The Sanders-Childers House at 1020 E. Palmer Street is one of the oldest houses in Indianapolis. It is a two-story brick farmhouse constructed around 1830 by William Sanders. The original portion of the house sits at an angle to Palmer and Barth streets because those streets were not laid out until later. Alterations were made at various times, including a modernization in the 1920s by Frank R. Childers, who was the Marion County Recorder from 1927 to 1930.[2] The former Abraham Lincoln School #18 across the street at 1001 E. Palmer Street was built in 1901 and is on the site where a group of Delaware Indians lived until 1820.[3]


The neighborhood being near both Fountain Square and downtown Indianapolis is currently being redeveloped. Bates-Hendricks is currently transitioning from a home rental neighborhood back to a home owner neighborhood. It is currently offering home purchasers some of the best real estate values in the Indianapolis downtown area.[citation needed]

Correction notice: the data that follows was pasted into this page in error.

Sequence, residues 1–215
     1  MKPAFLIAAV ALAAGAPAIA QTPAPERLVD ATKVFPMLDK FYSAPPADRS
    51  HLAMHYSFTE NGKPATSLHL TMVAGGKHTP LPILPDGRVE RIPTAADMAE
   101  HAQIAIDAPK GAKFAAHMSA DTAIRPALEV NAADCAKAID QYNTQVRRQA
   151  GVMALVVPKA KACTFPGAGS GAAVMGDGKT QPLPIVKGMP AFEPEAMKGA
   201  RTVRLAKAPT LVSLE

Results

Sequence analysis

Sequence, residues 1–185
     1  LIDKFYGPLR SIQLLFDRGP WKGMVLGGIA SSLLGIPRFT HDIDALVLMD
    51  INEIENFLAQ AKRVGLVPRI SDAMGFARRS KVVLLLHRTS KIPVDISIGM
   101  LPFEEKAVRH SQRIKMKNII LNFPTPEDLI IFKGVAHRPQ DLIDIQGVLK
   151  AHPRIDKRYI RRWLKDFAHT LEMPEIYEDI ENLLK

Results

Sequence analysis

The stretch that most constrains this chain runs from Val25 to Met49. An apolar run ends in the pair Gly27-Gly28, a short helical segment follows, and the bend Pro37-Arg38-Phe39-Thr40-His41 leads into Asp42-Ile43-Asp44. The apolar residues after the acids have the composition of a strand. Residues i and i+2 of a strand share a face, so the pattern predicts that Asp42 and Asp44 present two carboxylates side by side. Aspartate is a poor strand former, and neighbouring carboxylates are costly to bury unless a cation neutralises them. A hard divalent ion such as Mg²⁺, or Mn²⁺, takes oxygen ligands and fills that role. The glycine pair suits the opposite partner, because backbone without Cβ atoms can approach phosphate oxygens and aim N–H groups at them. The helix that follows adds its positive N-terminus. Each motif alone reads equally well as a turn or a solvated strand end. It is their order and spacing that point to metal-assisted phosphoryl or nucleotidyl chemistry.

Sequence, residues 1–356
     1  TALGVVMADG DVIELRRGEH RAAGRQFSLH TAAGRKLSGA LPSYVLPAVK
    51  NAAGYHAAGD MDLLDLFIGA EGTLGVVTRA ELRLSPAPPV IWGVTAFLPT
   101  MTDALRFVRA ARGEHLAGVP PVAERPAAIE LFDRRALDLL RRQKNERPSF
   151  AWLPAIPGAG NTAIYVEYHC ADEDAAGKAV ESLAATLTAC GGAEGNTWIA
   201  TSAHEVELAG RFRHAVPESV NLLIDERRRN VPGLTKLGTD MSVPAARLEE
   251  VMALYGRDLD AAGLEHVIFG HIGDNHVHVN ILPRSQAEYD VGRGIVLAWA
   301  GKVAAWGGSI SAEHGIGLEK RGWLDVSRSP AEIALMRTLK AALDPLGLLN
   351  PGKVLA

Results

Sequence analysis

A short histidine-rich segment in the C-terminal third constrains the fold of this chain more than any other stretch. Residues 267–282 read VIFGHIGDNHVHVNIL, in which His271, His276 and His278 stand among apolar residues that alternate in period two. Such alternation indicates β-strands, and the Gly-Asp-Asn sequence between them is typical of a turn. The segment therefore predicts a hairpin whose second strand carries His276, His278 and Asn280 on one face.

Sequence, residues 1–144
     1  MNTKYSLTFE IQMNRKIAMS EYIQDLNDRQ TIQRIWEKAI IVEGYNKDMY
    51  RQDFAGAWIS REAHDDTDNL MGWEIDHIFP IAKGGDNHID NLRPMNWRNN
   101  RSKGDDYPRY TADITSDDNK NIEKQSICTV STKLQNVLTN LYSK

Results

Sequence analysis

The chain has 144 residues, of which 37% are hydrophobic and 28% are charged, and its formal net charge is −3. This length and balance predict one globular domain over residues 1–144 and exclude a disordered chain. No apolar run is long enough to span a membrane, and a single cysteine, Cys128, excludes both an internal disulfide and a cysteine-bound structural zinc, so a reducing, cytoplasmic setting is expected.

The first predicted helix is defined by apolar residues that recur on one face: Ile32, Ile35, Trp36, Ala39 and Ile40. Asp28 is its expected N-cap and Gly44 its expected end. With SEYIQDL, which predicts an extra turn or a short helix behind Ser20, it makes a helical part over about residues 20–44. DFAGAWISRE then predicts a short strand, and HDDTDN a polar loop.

Most of the homes after complete renovation require less the a $100,000 investment. But banks require the new home owners to be properly qualified. The SEND development organization offers some redeveloped homes to lower income people.

In 2008-2009, the 1400 and 1500 blocks of S. New Jersey Street saw a major redevelopment of the housing along the street. New landscaping was also provided to the Woodruff-built esplanade that runs down the center of the street.

A similar project was undertaken in 2010 for the 1500 block of S. Alabama Street one block to the west, which contains the only other Woodruff-built esplanade in the neighborhood.

In 2010 the New Jersey Street project was awarded third-place in the 'Physical Revitalization Beautification – Single Neighborhood' division of the 'Neighborhood of the Year Awards' awarded by Neighborhoods USA (NUSA).[4]

Green space[edit]